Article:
12 Songs, 1 Hour, 1 Minute

EDITORS’ NOTES

There's no sense trying to describe Geoffrey Gurrumul Yunupingu's vocal performance on this moving record in typical musical terms. His soft but vibrant style brings to mind more expansive words, like sublime, spiritual and transcendent. Singing in his native Aboriginal language of Yolngu, he’s blessed with a delivery that feels warm, genuine and utterly unaffected, whether it's buoyed by background singers on the touching "Djarimirri" or presented unadorned on the beautifully sparse "Wiyathul".

EDITORS’ NOTES

There's no sense trying to describe Geoffrey Gurrumul Yunupingu's vocal performance on this moving record in typical musical terms. His soft but vibrant style brings to mind more expansive words, like sublime, spiritual and transcendent. Singing in his native Aboriginal language of Yolngu, he’s blessed with a delivery that feels warm, genuine and utterly unaffected, whether it's buoyed by background singers on the touching "Djarimirri" or presented unadorned on the beautifully sparse "Wiyathul".

TITLE TIME
5:55
3:57
2:37
5:54
6:28
3:17
8:23
6:25
4:30
5:02
4:58
4:14

About Geoffrey Gurrumul Yunupingu

Hailing from a fairly far-flung region, even by the standards of Australia's massive Arnhem Land, Gurrumul Yunupingu took up music early largely as a result of additional time spent with the family in church, a tangential result of being born blind. From the Yolngu people, Yunupingu took up with a relative's band, the influential Yothu Yindi, where he stayed as a keyboard player for seven years during the band's peak time. Eventually leaving to form his own group (the short-lived Saltwater), Yunupingu suddenly sprang upon the mainstream of Australia's listening audience in 2008, showcasing an aspect of Aboriginal music rarely, if ever, heard. Where other bands focus on the traditional instrumentation (clap sticks and didgeridoo), Yunupingu uses a soft double bass and an acoustic guitar. Where other bands may focus on the political aspects of the Aboriginal experience, Yunupingu tends toward a more personal accounting, and where other bands may infuse the music with huge amounts of energy to garner attention from listeners, Yunupingu instead uses a singer/songwriter approach combined with a piercing voice (though primarily singing in native languages). Indeed, it is the voice that has captured the attention of the majority of Yunupingu's fans and critics alike. 2008's self-titled solo release debuted at the number one position on Australia's ARIA independent charts, peaking at number three on the overall charts soon after. ~ Adam Greenberg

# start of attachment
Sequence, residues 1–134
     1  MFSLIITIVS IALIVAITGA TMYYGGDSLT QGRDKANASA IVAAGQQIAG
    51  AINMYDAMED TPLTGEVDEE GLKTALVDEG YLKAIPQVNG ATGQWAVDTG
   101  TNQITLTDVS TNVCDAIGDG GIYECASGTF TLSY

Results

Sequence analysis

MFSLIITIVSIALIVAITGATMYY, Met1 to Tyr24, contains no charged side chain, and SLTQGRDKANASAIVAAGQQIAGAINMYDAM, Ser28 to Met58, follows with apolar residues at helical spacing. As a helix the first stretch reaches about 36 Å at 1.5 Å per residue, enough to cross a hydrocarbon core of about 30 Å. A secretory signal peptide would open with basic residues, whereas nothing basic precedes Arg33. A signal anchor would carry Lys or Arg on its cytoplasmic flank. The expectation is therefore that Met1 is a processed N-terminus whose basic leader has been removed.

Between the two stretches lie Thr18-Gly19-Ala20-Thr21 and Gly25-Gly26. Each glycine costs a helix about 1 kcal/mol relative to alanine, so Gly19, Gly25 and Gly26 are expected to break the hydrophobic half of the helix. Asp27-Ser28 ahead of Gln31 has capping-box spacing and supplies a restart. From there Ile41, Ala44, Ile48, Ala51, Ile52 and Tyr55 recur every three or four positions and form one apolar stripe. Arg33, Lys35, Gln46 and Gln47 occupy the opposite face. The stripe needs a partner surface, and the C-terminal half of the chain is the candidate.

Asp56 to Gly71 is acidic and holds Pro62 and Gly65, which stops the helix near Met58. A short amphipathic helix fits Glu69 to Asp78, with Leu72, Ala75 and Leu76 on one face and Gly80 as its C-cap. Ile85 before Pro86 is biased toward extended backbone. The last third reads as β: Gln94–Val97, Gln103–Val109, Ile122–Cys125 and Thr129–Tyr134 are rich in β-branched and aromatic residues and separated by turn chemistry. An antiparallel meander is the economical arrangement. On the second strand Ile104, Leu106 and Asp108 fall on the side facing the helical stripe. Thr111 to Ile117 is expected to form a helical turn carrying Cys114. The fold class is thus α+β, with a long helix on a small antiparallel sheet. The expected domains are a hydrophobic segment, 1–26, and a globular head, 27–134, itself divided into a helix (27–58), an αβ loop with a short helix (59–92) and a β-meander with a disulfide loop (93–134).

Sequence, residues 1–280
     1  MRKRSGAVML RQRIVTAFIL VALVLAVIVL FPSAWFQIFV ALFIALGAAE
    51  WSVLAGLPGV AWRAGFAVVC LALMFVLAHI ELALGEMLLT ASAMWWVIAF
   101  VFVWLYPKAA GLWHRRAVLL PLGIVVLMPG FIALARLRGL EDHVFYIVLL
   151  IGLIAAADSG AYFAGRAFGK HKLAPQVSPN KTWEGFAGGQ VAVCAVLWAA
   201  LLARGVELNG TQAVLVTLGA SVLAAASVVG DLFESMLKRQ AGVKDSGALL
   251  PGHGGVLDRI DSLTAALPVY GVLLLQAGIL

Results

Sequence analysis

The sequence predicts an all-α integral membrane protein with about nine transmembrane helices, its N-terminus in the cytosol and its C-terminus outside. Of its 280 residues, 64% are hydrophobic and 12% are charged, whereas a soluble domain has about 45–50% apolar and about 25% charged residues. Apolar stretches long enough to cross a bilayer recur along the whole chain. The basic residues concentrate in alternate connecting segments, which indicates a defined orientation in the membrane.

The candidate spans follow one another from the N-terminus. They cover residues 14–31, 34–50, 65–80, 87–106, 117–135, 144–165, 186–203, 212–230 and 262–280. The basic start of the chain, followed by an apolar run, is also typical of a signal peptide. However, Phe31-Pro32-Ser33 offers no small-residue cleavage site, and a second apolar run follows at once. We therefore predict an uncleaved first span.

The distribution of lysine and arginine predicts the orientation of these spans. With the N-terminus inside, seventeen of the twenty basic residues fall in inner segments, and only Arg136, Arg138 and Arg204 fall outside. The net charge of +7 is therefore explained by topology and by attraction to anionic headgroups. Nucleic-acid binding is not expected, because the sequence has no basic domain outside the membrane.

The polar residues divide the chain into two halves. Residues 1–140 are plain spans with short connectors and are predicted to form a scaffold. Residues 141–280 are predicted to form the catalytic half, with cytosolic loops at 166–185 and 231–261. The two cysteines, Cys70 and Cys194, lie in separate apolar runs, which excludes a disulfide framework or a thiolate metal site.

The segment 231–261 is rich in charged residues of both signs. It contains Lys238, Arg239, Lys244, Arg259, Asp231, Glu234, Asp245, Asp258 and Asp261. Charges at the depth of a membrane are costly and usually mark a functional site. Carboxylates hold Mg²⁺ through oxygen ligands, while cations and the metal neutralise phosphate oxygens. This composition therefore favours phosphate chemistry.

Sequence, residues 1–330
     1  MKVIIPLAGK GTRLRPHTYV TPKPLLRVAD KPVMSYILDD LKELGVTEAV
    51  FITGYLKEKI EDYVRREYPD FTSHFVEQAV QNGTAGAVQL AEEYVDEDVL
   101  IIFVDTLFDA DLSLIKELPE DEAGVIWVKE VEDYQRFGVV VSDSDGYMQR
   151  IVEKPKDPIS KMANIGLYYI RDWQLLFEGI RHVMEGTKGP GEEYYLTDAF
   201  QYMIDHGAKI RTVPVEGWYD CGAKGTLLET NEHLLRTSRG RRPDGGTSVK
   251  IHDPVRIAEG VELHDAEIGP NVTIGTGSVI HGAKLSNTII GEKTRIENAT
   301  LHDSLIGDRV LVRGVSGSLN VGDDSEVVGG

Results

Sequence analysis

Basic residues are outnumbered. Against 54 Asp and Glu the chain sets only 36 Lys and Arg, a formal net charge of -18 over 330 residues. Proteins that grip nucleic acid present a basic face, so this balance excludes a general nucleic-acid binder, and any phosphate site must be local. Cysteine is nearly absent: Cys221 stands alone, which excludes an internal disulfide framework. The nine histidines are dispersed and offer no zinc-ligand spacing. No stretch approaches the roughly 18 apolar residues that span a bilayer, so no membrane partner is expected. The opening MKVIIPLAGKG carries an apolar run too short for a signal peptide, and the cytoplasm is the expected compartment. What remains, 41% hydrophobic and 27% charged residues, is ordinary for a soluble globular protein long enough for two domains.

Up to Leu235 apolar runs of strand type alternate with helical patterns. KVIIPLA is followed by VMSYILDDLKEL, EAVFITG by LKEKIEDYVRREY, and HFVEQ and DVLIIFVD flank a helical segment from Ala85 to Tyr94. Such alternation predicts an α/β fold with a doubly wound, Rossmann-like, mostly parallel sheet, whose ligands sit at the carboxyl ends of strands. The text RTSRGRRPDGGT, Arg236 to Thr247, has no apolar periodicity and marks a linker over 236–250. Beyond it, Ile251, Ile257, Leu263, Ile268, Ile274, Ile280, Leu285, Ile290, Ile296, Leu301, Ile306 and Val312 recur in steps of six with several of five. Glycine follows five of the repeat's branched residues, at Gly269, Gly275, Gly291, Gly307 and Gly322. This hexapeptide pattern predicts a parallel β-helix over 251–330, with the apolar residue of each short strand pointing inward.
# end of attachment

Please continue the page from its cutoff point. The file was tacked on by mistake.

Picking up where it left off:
• ORIGIN
    Elcho Island, Australia
  • GENRE
    World
  • BORN
    1970

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